a.    These changes would only impact a tiny percentage of the FHA’s business, leaving large and risky swaths of its insurance business untouched.

3.    Using a claims rate projection model based on an analysis of 3.4 million loans, FHA loans with a FICO below 620, an LTV of 96.5%, a 30-year term and a DTI range of 41-55% have an expected claim rate of 28.6% (characteristics before the announced change).* Limiting DTI to a max of 41% as proposed by FHA reduces the claim rate to 23.1%. True, this is a reduction of 19.2%, right on par with FHA’s estimate of a 20% decline, but loans with a 23% claim rate are not sustainable.

a.    FHA has once again nibbled around the edges for headline effect.

4.    The reality is that sustainable loans to borrowers with 580-619 FICOs can’t be done without a shorter loan term than 30 years and a higher down payment than 3.5%.

Once again, these changes make great sound bites but clearly this is the illusion of reform.

It will take real reform, not the illusion of reform, to end the nightmare at FHA.

* Based on a book of loans with an overall loan claim rate of 10%, slightly less than FHA’s 37 year average loan claim rate of 10.63%.

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About the Author

 

Edward J.
Pinto
  • American Enterprise Institute (AEI) resident fellow Edward J. Pinto is the codirector of AEI’s International Center on Housing Risk. He is currently researching policy options for rebuilding the US housing finance sector and specializes in the effect of government housing policies on mortgages, foreclosures, and on the availability of affordable housing for working-class families. Pinto writes AEI’s monthly Housing Risk Watch, which has replaced AEI’s FHA Watch. Along with AEI resident scholar Stephen Oliner, Pinto is the creator and developer of the AEI Pinto-Oliner Mortgage Risk, Collateral Risk, and Capital Adequacy Indexes.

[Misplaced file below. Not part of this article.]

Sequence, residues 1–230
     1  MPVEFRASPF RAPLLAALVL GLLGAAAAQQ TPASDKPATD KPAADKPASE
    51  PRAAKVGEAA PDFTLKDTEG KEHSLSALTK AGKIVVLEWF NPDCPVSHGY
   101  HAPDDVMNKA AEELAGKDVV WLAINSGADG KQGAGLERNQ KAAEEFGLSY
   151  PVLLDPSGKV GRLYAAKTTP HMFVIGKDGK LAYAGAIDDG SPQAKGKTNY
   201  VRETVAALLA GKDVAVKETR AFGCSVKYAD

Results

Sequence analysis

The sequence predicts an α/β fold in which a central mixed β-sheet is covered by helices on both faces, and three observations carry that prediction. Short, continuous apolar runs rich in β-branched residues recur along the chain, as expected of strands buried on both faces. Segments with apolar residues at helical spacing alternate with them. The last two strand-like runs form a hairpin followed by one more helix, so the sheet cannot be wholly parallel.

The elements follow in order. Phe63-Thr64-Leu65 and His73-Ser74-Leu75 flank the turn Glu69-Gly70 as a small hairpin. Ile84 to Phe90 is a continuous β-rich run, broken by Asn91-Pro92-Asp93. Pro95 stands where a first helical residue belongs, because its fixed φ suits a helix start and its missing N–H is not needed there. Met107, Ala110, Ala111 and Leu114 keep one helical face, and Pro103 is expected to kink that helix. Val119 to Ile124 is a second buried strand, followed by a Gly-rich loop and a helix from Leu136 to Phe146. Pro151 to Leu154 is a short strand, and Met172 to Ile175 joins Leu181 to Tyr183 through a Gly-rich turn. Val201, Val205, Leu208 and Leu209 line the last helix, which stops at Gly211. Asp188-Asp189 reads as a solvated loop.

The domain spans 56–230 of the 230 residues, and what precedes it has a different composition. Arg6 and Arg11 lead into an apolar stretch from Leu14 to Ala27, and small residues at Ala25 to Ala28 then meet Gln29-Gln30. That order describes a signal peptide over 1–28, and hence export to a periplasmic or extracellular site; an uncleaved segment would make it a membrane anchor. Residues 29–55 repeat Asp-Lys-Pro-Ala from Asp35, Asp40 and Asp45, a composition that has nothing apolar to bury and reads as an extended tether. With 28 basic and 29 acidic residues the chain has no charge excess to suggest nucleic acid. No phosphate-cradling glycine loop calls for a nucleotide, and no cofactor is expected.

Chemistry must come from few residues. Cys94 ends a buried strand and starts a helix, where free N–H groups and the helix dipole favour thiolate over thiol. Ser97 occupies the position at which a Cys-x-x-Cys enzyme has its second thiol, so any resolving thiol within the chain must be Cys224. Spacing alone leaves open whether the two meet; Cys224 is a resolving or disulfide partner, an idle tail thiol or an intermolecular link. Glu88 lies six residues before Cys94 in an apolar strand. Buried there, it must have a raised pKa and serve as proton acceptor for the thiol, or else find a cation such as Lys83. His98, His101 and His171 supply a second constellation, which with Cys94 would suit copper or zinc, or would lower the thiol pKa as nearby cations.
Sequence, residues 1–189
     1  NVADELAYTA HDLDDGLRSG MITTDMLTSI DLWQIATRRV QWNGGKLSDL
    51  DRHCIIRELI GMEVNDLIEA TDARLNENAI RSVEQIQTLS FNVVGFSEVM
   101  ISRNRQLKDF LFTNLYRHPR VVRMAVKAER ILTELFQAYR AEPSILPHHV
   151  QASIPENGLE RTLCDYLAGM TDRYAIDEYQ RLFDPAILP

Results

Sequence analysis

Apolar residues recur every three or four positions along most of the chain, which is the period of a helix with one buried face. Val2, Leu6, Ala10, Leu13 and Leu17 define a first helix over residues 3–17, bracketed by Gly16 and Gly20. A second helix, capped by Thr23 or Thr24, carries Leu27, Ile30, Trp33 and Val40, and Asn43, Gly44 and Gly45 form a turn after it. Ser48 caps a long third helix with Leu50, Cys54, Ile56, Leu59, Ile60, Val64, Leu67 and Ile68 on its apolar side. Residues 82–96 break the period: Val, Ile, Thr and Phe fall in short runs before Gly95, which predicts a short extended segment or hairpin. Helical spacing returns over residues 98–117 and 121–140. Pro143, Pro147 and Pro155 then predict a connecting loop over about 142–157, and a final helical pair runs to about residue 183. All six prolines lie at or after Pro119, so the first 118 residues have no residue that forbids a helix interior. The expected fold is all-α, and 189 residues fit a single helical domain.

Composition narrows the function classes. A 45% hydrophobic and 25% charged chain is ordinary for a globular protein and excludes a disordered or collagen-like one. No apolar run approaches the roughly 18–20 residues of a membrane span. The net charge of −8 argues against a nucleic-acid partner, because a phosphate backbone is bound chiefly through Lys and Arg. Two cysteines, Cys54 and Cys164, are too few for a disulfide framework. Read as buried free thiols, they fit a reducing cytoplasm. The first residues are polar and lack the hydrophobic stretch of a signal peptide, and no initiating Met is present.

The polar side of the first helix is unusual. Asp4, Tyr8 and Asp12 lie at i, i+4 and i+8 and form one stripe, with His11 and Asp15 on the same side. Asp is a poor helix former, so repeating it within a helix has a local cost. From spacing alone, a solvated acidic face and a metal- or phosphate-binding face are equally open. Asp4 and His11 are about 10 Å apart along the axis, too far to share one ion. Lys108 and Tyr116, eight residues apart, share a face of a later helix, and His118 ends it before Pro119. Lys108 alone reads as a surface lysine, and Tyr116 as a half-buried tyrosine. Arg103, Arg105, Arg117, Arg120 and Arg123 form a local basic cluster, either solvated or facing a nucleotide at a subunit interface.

An executive vice president and chief credit officer for Fannie Mae until the late 1980s, Pinto has done groundbreaking research on the role of federal housing policy in the 2008 mortgage and financial crisis. Pinto’s work on the Government Mortgage Complex includes seminal research papers submitted to the Financial Crisis Inquiry Commission: “Government Housing Policies in the Lead-up to the Financial Crisis” and “Triggers of the Financial Crisis.” In December 2012, he completed a study of 2.4 million Federal Housing Administration (FHA)–insured loans and found that FHA policies have resulted in a high proportion of working-class families losing their homes.

    Pinto has a J.D. from Indiana University Maurer School of Law and a B.A. from the University of Illinois at Urbana-Champaign.

  • Phone: 240-423-2848
    Email: edward.pinto@aei.org
  • Assistant Info

    Name: Emily Rapp
    Phone: 202-419-5212
    Email: emily.rapp@aei.org